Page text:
Staff prepare food in the kitchen at Daikokuya Monterey Park while wearing masks, part of Los Angeles County’s new guidelines for reopening restaurant dining rooms during the COVID-19 pandemic. The restaurant plans to place partitions separating the kitchen from the dining room, as well as between tables to keep customers safe. Photo by Phoenix Tso for KCRW.

The Daikokuya ramen restaurant’s Monterey Park location has also reopened for dine-in. Their counter will soon be outfitted with a partition to separate staff and customers, and tables already feature QR codes so that people can look at the menu online, said manager Tomoya Murakami, who believes that similar contactless dining measures are here to stay.

Many San Gabriel Valley restaurants have been diligent about hygiene and social distancing, with almost all the restaurants I visited posting elaborate protocols on their storefronts. The Vietnamese restaurant Golden Deli has their customers pay for to-go orders at one clear tarp-covered doorway, and then walk to a doorway on the other side of the restaurant to pick up their food. Other restaurants let their customers inside, but limit their numbers, while others even go as far as to sterilize cash and credit cards. 

Some Chinatown restaurant owners expressed apprehension about opening for dine-in, saying that some of their customers are decidedly lax about wearing masks. Yet the vast majority of people I saw in the SGV one Sunday afternoon wore them. “I feel safer in the SGV, I feel like people are taking it seriously, and they’ve taken it seriously since the beginning,” Hang said.


Johnny Lee of Pearl River Deli has joined most restaurants in Chinatown in taking a wait-and-see approach to reopening for the dine-in, until they can ensure customer and staff safety during the COVID-19 pandemic. Photo by Phoenix Tso for KCRW.

At the beginning of the shutdown, organizations circulated lists of Chinatown restaurants where people could order takeout and delivery. Johnny Lee’s Pearl River Deli opened in late January, right before the pandemic became serious, and it was able to ride the wave of social media support to buttress their business during the first few months of the pandemic. In May, Pearl River Deli hosted a vegan Chinese pop up called Bok Choy, where customers got a set meal of mapo tofu and egg rolls. “[We’re] just trying to help chefs who might not have the opportunity because their restaurants are closed,” Lee said.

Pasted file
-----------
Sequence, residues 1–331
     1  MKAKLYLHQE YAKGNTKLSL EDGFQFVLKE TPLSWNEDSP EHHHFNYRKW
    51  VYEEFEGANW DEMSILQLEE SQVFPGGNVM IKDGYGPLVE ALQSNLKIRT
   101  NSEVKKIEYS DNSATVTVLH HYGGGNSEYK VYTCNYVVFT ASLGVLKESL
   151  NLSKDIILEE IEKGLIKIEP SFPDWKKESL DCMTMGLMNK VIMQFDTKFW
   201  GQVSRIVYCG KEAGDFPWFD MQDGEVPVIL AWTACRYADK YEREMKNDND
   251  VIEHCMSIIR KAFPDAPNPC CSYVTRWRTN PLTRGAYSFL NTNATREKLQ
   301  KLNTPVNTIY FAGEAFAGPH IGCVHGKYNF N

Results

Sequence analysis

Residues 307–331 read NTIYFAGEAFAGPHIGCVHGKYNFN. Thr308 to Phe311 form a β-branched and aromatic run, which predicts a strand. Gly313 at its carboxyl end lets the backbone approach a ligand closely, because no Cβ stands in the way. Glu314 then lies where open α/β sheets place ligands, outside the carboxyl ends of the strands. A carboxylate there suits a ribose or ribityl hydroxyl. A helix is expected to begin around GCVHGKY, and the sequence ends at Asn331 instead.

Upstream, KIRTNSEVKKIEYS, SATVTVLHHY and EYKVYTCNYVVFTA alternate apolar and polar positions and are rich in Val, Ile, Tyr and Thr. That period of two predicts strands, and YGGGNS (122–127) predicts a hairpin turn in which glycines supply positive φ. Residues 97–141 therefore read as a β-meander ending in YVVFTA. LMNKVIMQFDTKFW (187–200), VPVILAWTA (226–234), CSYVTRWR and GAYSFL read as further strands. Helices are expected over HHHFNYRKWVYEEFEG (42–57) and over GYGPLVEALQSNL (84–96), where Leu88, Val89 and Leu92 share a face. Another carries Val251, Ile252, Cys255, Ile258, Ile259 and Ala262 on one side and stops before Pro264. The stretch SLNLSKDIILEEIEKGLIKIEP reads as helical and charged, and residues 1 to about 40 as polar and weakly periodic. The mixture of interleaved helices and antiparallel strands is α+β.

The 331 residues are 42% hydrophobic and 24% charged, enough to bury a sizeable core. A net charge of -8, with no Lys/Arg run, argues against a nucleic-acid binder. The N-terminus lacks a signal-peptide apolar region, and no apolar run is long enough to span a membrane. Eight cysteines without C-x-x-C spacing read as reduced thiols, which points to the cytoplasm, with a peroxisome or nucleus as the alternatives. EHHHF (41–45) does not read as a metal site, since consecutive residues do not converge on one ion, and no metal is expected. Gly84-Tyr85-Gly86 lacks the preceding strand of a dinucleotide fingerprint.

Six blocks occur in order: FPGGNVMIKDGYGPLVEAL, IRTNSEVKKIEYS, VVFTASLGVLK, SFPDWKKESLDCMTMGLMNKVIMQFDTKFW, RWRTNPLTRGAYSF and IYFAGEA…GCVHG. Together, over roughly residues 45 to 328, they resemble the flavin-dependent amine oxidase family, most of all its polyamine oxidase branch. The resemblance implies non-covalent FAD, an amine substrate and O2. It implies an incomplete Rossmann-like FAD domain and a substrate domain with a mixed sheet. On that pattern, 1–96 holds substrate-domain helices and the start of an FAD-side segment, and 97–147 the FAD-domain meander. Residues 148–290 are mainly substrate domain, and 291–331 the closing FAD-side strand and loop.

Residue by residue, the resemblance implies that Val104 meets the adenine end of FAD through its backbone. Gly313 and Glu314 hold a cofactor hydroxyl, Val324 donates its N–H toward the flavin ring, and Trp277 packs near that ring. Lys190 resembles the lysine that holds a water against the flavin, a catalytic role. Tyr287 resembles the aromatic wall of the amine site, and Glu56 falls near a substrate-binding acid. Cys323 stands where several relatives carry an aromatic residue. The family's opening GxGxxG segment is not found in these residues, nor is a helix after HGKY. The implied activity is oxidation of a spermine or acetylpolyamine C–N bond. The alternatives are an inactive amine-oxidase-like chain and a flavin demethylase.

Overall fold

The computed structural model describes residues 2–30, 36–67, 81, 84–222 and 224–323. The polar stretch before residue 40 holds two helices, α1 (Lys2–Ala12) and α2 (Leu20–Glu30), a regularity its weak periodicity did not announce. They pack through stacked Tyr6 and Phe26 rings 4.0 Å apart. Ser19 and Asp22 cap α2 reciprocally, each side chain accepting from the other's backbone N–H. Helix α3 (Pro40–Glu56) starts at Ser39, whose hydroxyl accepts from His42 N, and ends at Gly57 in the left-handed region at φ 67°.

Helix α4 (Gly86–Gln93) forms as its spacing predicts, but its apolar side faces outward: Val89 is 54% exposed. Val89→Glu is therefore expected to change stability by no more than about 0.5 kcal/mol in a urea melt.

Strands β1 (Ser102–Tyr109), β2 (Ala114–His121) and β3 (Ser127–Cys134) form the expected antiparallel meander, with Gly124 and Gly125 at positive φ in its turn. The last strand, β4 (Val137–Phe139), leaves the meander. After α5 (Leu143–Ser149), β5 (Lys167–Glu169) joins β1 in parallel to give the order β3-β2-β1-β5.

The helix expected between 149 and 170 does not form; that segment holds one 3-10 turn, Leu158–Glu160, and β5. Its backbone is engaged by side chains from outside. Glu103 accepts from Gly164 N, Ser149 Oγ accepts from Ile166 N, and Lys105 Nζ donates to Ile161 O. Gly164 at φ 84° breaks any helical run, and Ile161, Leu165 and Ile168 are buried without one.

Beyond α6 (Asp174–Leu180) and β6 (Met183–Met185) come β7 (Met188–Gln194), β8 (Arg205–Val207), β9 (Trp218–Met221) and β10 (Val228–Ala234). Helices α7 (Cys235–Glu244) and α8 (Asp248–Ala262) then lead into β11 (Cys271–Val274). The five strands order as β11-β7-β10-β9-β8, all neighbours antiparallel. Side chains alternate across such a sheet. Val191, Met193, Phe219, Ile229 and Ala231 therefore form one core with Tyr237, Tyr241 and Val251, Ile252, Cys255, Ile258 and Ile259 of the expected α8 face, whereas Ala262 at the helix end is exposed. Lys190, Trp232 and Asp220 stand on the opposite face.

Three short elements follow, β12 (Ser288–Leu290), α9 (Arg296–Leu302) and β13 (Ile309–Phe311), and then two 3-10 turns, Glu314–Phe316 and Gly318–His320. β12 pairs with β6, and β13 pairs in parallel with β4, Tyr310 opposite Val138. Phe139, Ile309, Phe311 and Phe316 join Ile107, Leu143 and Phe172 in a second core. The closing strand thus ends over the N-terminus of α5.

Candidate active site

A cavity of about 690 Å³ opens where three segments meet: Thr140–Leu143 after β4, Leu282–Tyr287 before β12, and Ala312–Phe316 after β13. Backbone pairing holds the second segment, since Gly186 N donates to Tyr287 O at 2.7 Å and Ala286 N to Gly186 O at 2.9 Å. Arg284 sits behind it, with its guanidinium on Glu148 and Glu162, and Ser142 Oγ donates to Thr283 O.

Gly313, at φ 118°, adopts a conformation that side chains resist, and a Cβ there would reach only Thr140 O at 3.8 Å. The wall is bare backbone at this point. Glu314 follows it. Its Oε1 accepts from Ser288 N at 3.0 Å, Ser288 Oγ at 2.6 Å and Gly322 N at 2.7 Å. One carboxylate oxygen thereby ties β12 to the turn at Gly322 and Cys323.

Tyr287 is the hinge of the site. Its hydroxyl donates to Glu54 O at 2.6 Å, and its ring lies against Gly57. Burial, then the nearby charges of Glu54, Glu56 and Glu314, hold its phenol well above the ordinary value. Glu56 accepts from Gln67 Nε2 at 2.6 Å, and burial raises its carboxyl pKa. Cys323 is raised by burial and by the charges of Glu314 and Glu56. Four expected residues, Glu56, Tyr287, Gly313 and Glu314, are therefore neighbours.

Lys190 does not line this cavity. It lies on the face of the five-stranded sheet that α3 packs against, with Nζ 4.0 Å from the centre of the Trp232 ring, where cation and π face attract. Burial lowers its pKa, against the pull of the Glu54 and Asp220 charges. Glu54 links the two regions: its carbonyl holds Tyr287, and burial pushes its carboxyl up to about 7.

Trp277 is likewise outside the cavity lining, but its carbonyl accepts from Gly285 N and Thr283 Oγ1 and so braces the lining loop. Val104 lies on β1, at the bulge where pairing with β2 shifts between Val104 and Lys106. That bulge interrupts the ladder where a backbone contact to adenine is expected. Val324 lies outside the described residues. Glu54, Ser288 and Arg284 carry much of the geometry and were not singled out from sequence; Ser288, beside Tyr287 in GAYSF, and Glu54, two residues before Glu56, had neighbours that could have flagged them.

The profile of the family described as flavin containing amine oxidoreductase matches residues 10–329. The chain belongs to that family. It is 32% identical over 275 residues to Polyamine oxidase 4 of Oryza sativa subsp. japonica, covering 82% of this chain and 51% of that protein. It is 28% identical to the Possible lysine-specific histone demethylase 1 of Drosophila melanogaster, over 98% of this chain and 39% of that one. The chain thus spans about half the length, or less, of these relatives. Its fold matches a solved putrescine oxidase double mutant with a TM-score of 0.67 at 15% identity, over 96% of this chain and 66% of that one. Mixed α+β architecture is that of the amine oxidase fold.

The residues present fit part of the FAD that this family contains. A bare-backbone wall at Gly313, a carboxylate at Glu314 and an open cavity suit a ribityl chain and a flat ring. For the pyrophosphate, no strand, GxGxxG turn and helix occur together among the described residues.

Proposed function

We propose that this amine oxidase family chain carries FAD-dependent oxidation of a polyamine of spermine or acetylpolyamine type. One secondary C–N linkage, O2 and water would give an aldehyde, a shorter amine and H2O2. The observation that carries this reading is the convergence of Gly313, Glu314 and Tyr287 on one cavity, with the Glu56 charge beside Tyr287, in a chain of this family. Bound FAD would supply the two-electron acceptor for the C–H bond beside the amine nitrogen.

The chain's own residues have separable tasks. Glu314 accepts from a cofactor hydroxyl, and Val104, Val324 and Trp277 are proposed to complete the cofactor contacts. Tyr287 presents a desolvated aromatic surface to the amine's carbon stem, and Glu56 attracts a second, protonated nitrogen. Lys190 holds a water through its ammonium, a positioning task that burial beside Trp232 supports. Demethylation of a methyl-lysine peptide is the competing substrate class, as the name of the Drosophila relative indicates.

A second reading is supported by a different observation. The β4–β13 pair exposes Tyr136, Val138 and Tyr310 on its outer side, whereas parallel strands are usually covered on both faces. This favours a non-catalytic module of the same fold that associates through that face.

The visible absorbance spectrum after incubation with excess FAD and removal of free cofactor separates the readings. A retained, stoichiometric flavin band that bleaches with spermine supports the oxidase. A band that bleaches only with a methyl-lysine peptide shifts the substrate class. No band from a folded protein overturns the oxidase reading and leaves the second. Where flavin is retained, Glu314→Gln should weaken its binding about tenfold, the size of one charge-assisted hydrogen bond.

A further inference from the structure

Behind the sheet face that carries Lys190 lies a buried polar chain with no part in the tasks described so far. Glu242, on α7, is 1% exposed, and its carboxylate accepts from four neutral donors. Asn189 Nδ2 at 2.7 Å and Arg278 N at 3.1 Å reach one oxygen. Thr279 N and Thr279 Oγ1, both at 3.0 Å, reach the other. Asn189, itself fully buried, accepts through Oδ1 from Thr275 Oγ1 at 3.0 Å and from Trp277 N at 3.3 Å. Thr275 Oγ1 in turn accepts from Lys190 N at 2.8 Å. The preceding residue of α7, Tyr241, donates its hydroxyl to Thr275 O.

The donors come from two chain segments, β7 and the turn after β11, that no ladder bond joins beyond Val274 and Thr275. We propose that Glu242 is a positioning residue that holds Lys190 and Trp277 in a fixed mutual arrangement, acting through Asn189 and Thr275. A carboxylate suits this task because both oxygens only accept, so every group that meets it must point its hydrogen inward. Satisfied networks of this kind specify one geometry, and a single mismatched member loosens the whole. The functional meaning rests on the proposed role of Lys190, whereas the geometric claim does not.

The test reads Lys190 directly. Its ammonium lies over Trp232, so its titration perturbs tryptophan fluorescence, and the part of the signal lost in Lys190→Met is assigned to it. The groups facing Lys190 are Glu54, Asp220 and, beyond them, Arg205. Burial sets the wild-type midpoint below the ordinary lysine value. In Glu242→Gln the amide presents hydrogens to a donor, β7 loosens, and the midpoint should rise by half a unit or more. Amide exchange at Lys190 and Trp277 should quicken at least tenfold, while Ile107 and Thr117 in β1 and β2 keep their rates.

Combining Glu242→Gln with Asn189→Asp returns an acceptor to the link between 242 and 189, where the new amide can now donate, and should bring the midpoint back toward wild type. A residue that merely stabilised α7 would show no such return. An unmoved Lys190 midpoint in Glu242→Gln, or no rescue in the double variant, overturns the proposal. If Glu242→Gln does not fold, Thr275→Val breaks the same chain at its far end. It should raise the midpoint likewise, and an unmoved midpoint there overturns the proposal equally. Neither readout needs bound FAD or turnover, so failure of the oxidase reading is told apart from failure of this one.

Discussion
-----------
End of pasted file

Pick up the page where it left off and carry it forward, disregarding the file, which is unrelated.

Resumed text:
It may be the mom-and-pop shops who don’t have the knowledge, time or resources to come up with a sophisticated social media strategy or to sign up for delivery services charging high fees that might suffer. “For the most part, these businesses are: you sit down for your bowl of noodles and you make the XLBs right there,” Hang says. “So a lot of these places have had a really hard time transferring to that system, because a lot of these Mom-and-Pop shops don’t have online order, don’t have GrubHub, don’t do all those things. And so I personally don’t think a lot of them are going to make it through this.”


Food reporter Kristie Hang says that the mom-and-pop shops of Chinatown have had difficulty shifting to online business models. Photo by Kwasi Boyd-Bouldin for KCRW. 

While COVID-19 has curtailed the IRL interaction that makes restaurant dining special, social media communities like SGV Eats are picking up the slack, with restaurant owners and food lovers sharing information about reopenings, menus and hygiene practices to keep people informed and to support local businesses. “There are constant changes with the Department of Public Health where they release guidelines on how to have dine-in options,” said Alan An, who founded the group, along with his colleague Brian Ngoy at the San Gabriel-based real estate firm PGI Estates. “A lot of members do take the opportunity to share what’s updated and what are the safe protocols.”

In May, SGV eats organized The Great SGV Take-Out Weekend, where they encouraged people to order takeout from participating restaurants, and those restaurants in turn would donate some of their proceeds to meals for frontline healthcare workers at two local hospitals. This event raised over $5,000, which went to 560 meals, along with baked goods also purchased at cost. The group also distributed donations of PPE. “It’s so nice to see that not only is the community supporting the restaurants, but the restaurants are giving back when they can as well,” said Megan Lam, the group’s lead moderator.

Hang has a similar goal for her social media feeds around fostering community support for San Gabriel Valley restaurants. She says that initiatives like these have helped remove the stigma around dining there. “People locally from here — some views have changed, which is interesting. I have been very vocal [about] telling people since the beginning what restaurants are open, what their sanitary measures were,” she said. “And I noticed that a lot of people that are not from the San Gabriel [Valley] actually started being more open to come to more Asian areas.”